Blends may be found at the majority of coffee shops and in the bags of coffee that can be purchased there. They use a certain proportion of Robusta beans in their blend along with Arabica beans. This helps to create a more balanced taste profile. However, in Vietnam, the vast majority of coffee blends will still typically include a significant amount of Robusta since it is more cost-effective and consumers are used to the flavor.
The situation is reversed in the vast majority of other nations. Arabica beans make up the majority of the mixes, while Robusta beans make up a minor portion.
Reason 3: Brew Method
The longer brewing time required for Vietnamese coffee results in a greater amount of caffeine being extracted. The Vietnamese dripping method, which is similar to a drip coffee but does not use a paper filter, is used to make this beverage.
A metal filter, a brewing chamber, a tamper that presses the grounds down, and a lid that stores the heat are the components that make up this apparatus.
Reason 4: Grind Size
When traditionally making Vietnamese coffee, the coffee beans are normally ground quite finely. Because of the fine grind, the flow rate can be more easily controlled, and it is guaranteed that the water will not just trickle through, as this may happen with a coarse grind.
The finer the grind, the more surface area is exposed, which in turn increases the amount of caffeine that can be extracted.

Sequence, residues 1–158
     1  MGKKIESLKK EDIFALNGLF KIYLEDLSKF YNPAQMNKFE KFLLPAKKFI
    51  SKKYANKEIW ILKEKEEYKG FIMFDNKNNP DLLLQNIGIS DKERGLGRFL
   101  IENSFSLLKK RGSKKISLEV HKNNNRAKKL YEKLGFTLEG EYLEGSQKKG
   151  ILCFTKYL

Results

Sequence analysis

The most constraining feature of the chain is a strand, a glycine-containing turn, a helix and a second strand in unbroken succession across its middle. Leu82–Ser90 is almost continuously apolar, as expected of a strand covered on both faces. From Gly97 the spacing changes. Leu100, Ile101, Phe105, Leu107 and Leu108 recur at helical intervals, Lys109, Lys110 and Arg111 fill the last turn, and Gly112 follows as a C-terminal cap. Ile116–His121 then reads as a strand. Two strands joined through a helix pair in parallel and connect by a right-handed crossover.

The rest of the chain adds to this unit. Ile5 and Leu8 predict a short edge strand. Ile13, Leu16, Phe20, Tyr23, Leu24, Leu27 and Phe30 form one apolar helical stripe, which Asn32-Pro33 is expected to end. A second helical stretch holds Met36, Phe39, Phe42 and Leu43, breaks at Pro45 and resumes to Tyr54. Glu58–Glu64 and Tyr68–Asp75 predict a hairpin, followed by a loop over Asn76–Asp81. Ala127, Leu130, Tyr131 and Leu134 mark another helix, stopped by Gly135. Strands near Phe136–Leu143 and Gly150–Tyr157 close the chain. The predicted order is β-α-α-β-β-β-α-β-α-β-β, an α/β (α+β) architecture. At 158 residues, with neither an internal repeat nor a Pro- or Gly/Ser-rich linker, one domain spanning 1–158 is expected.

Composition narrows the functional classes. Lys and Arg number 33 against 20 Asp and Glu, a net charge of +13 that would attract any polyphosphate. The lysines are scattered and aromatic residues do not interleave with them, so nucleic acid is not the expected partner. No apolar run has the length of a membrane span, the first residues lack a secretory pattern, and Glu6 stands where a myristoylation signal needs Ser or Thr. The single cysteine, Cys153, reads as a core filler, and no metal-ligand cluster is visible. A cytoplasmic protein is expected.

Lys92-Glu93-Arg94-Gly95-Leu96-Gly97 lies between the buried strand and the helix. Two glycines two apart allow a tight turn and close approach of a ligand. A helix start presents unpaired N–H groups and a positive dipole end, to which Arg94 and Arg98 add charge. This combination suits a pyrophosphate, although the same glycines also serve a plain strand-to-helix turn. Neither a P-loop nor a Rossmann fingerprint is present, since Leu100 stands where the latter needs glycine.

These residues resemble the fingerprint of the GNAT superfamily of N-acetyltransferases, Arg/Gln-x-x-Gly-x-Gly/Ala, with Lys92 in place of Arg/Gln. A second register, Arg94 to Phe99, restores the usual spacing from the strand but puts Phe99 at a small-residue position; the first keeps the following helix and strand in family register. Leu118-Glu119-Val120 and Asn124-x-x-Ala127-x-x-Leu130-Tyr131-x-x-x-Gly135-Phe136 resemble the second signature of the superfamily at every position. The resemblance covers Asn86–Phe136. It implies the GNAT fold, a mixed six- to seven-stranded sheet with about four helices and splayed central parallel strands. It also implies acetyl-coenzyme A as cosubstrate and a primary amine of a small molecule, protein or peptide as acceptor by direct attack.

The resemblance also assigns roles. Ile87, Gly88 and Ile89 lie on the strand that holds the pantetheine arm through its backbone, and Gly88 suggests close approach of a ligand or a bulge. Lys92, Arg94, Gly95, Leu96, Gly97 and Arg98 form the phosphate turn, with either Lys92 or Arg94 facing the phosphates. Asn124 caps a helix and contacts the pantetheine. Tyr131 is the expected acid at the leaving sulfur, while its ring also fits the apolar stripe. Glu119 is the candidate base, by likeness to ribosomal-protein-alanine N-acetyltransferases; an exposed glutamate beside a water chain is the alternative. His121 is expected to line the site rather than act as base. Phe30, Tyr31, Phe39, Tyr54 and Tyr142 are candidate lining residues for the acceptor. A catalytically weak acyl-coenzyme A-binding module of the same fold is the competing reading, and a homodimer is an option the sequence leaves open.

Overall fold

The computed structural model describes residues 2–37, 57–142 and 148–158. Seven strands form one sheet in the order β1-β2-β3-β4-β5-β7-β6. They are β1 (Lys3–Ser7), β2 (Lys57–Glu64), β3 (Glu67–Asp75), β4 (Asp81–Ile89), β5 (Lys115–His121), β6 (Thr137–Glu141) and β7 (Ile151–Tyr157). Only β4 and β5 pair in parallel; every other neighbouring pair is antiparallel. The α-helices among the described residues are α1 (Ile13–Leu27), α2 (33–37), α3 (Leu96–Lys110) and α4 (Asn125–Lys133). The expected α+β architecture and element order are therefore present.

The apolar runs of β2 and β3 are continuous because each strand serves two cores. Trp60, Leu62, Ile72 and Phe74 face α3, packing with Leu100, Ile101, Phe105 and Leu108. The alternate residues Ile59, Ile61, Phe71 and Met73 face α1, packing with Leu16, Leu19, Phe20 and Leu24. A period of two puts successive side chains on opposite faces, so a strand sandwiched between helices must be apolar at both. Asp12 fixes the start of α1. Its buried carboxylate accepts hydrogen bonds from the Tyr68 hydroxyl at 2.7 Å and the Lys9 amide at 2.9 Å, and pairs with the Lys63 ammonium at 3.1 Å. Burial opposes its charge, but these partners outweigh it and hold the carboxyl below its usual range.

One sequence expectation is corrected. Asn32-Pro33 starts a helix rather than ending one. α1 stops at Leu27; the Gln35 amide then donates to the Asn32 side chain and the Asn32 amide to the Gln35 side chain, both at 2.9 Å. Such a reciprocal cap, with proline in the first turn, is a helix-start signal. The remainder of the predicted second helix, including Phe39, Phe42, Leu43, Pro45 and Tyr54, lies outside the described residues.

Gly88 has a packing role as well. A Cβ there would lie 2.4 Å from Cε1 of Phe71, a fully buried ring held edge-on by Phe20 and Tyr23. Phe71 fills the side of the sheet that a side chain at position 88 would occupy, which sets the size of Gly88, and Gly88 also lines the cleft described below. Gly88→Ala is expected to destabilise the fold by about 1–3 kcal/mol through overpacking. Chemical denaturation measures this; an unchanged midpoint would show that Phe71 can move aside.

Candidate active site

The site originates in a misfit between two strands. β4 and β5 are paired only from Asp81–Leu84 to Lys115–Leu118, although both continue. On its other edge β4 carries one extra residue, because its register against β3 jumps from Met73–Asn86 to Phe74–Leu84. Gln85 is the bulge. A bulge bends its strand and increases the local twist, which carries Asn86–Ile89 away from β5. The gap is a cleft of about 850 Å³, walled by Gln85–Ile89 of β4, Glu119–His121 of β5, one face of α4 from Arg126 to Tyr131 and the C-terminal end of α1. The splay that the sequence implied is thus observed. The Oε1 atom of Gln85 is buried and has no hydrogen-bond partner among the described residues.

Reason 5: Dark Roast
Dark roast is the traditional method of preparation for Vietnamese coffee. However, rather than utilizing greater temperatures, the coffee used in Vietnam is roasted for a much longer period.
This method helps achieve a uniform roast and avoids any breakdown or oxidation of the sugar and oil that may have occurred. The amount of caffeine that is present is unaffected, and in exchange, the coffee acquires its distinctive black color and robust taste.
Reason 6: Local Palate
Fish sauce, garlic, and a variety of fresh herbs are prominently included in Vietnamese cooking, which contributes to the cuisine’s robust taste profile. The native palate is used to taste profiles with a lot of punch.
Coffee is a staple in the daily routine of the residents of the area, serving as a stimulating pick-me-up before they go out to work. You’ll never catch them drinking it on the move; instead, they take the time to relax and savor it gently while seated.
How Much Caffeine is in Vietnamese Coffee?
We’ve noted that Robusta has a greater caffeine concentration than Arabica; let’s see how that works out in terms of a cup of coffee. Robusta coffee contains 200 milligrams of caffeine per six ounces, whereas Arabica coffee only has 130 milligrams in the same amount of coffee. The maximum amount of caffeine that should be consumed in a single day, according to the recommendations of the FDA, is 400 mg(3). This equates to no more than two cups of Vietnamese coffee.